VIDEO: The French military trained eagles to take down terrorist drones
Meet D'Artagnan, Athos, Porthos, and Aramis. The names stem from characters in the French novelist Alexandre Dumas's "The Three Musketeers," but in the Mont-de-Marsan military base in southwestern France, the four musketeers are of the feathery kind.
After the November 2015 Paris attacks, France is on alert for any other terrorism threats on the horizon. Drones, otherwise known as unmanned aerial vehicles (UAVs) can be used by terrorist factions for surveillance purposes -- or potentially as part of wider attacks such as dropping small bombs on civilian targets -- and the French military wants to keep them away.
This is where the birds of prey come in. The eagles have shown their claws during tests, so far, such as when a drone launched from a runway at the airbase was spotted by D'Artagnan 200 meters away.
In less than 20 seconds, the drone was caught and incapacitated.
The team has been in training since June last year. While military forces often use birds of prey -- such as falcons -- to ward lesser birds off military runways, harnessing the intelligence of the birds has proved to be a novel way to take on modern, technological tools used by threat groups.
According to Commander Christophe, the eagles are "making good progress" and are surpassing projected performance levels by three to four months.
In order to train them to take on drones, the four eagles were trained from the age of three weeks and served their food on top of drone wreckage to create an association between UAVs and food.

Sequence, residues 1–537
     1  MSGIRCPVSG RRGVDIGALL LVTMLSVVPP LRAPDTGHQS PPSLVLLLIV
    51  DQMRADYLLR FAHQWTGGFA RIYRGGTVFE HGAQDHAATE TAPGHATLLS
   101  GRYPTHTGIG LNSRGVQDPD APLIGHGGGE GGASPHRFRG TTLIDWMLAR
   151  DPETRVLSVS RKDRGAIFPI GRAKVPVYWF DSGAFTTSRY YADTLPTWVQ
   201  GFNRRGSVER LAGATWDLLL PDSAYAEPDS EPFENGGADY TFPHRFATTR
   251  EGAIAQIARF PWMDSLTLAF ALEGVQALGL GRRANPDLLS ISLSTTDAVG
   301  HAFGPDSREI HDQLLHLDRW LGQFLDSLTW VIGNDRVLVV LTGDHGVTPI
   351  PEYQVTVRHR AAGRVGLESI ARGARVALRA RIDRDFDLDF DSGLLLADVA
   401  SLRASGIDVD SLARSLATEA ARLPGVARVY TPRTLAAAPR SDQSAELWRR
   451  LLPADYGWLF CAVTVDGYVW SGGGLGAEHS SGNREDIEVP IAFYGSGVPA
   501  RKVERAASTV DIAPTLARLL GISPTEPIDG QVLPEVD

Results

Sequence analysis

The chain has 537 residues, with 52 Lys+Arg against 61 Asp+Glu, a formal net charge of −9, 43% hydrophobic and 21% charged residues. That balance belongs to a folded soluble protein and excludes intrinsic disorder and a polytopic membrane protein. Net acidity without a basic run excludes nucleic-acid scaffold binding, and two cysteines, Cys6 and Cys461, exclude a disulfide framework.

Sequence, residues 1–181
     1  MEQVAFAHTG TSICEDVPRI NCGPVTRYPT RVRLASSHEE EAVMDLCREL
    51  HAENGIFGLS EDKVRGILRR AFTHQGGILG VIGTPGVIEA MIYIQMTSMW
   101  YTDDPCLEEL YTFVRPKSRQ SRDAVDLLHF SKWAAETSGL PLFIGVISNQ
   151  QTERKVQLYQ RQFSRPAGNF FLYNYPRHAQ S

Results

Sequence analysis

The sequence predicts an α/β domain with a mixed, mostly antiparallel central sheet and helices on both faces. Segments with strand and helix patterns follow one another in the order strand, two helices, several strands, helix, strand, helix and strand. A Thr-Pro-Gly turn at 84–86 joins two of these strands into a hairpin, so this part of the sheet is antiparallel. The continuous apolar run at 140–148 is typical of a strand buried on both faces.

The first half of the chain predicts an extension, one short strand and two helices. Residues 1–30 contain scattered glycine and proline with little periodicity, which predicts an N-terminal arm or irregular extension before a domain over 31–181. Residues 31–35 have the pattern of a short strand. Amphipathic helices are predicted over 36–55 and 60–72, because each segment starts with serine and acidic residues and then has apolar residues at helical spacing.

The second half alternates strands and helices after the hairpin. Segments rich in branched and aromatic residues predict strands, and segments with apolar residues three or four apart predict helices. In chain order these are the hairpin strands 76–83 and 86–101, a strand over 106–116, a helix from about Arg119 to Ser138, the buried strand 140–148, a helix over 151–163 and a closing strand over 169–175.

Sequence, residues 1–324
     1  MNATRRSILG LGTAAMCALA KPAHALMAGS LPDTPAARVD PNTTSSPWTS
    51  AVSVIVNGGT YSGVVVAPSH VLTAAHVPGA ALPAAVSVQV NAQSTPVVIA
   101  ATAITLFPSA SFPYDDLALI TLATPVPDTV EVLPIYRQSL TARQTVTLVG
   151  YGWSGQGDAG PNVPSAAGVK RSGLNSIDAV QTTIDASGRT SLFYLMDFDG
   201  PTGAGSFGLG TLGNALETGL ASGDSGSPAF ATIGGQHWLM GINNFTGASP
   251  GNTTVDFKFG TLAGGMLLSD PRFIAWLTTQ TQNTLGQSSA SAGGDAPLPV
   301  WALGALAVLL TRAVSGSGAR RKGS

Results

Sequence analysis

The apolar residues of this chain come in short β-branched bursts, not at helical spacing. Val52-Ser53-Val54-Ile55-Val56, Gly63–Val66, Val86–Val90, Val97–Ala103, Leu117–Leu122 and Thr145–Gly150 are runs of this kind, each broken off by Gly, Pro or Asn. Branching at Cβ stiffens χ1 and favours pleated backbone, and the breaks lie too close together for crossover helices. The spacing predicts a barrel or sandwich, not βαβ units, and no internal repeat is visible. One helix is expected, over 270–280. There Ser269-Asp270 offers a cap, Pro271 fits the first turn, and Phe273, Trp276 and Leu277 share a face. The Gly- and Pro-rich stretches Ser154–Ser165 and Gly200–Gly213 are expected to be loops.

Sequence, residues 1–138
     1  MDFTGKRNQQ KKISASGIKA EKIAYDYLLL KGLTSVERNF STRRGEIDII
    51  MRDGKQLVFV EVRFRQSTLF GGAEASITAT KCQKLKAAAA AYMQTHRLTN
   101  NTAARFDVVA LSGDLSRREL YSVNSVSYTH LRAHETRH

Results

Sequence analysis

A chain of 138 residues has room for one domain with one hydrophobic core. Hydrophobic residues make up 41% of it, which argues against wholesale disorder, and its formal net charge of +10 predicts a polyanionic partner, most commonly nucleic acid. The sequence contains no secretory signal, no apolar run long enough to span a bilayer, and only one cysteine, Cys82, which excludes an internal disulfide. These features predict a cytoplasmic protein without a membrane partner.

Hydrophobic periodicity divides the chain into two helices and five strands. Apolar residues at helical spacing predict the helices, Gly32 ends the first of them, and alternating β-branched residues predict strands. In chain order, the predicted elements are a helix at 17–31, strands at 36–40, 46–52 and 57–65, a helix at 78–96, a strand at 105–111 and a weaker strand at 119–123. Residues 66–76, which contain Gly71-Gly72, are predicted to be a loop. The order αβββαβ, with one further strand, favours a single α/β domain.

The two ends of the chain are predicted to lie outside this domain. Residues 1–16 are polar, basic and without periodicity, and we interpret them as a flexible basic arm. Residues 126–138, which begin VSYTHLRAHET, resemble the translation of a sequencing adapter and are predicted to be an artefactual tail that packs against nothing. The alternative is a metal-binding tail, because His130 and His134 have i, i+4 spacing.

Now, every time one of the birds take down a drone, they are rewarded with meat.
Law enforcement in The Netherlands first came up with the idea of using birds of prey to intercept UAVs. Back in November, a Dutch police video revealed a trained eagle plucking a DJI Phantom out of the air.
The police service called the training program a "low-tech solution to a high-tech problem," and in urban areas where civilians are, the birds of prey could take out threats without the need to use weaponry -- which could, in turn, injure innocents.
However, the feathered fighters are not the one-size-fits-all solution. They would not be suitable for use against larger drones or those with hefty, potentially lethal propeller systems, despite the French forces' plans to design leather and Kevlar mittens for them to protect their talons.
Despite limitations, D'Artagnan, Athos, Porthos, and Aramis have captured the hearts of the military enough that they will soon be casting off from peaks in the nearby Pyrenees Mountains in the hunt -- and a further four eagle chicks will be joining the ranks by the summer.
Top 10 tech products revealed at CES 2017 so far
Australia's Civil Aviation Safety Authority to launch drone safety app: